Basic Concepts and Terminology

In considering linear perspective it is necessary to return to the concept of the picture plane. As defined previously, the picture plane is the actual two dimensional surface of your paper or canvas. The image you create on that surface is drawn as if you were seeing your subject through the picture plane.

The other key concept to understand is the horizon line, which is, of course, the horizon; it is also your eye level. When you sit looking out a window at an ocean view, the horizon appears near the bottom of the window. When you stand, the horizon appears higher in the window. If you are tall enough or the window is low enough, the horizon will be above the top of the window.

Imagine a plant in a flowerpot hanging outside the window. If you can see inside the top of the flowerpot, the horizon line will be high in the window, because you are looking down. If you see the bottom of the pot, the horizon line will be low in the window, because you are now looking up. So, when you draw, if you want to give your viewer the impression of looking up, put the horizon line low on the page. To give the impression of looking down, put the horizon line high on the page.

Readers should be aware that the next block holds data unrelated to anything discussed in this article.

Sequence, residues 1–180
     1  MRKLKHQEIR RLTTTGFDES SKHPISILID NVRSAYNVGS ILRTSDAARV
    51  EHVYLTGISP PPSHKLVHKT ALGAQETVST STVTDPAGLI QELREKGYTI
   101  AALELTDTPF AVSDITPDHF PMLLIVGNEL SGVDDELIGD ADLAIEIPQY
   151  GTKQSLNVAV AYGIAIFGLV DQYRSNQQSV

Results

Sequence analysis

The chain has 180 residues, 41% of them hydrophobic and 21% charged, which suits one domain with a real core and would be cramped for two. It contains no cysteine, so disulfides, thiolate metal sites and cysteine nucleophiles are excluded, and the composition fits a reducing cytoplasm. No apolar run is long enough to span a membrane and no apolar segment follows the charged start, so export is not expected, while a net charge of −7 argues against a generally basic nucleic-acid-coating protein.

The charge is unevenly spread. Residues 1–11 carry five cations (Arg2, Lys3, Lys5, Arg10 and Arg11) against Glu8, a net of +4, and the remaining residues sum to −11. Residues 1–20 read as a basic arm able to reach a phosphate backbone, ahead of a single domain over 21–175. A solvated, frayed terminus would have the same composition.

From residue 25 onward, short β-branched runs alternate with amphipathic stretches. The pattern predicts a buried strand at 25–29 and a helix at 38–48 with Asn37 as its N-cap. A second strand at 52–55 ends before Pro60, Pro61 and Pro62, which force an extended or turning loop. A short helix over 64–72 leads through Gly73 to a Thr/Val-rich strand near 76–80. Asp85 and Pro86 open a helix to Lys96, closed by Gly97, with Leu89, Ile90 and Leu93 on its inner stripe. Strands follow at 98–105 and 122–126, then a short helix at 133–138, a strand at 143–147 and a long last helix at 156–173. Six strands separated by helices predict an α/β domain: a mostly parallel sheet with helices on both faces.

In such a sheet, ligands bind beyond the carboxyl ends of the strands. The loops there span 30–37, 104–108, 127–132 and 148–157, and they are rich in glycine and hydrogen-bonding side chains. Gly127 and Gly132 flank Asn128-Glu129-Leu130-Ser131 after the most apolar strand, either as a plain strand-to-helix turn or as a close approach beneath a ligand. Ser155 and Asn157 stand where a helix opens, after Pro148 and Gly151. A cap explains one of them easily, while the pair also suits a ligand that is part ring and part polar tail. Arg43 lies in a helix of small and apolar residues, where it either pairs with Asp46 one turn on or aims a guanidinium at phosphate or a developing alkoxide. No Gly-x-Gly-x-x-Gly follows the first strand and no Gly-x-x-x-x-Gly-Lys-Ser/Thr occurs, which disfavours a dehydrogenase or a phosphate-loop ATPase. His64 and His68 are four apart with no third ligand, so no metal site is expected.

Study the list of terms below so that you can more easily grasp the text and illustrations that follow.

The picture plane is the actual surface of your drawing or painting. The image is what you imagine you see behind the picture plane.

Perspective Terms

Ground line: A line drawn to establish the surface on which an object rests; it is used to determine accurate vertical measurements in perspective drawings. The ground line is always parallel to the horizon line. When making a perspective drawing that shows top and side views, you place the side view of an object on the ground line.

Horizon line: The actual horizon, where earth and sky appear to meet, excluding obstructions like hills or mountains. Also called eye level.

Parallel: Said of any two lines or surfaces that are always the same distance from each other.

Perpendicular: At a right, or 90 degree angle to a given line or plane. An absolutely vertical line and an absolutely horizontal line are perpendicular to each other.

Picture plane: The surface of your paper or canvas. The image you create on the picture plane gives the impression that your subject is behind this surface.

Plane: Any flat surface, such as a wall, floor, ceiling, or level field.

Station point: The artist's position relative to the object he or she is drawing.

Vanishing point: A point at which parallel lines receding into space appear to converge. If the lines are parallel to the earth they will meet. on the horizon line.

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